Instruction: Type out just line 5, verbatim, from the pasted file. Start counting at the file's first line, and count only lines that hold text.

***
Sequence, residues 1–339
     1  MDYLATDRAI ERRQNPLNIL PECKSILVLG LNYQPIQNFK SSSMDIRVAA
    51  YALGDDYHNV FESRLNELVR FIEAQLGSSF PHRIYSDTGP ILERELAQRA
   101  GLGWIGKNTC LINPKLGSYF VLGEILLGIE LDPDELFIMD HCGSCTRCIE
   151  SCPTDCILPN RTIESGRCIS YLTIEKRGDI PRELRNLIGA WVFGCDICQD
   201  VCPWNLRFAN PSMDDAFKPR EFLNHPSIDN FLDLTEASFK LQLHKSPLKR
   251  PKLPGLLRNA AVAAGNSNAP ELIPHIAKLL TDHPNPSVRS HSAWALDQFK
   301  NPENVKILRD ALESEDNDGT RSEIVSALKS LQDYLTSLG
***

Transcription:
   151  SCPTDCILPN RTIESGRCIS YLTIEKRGDI PRELRNLIGA WVFGCDICQD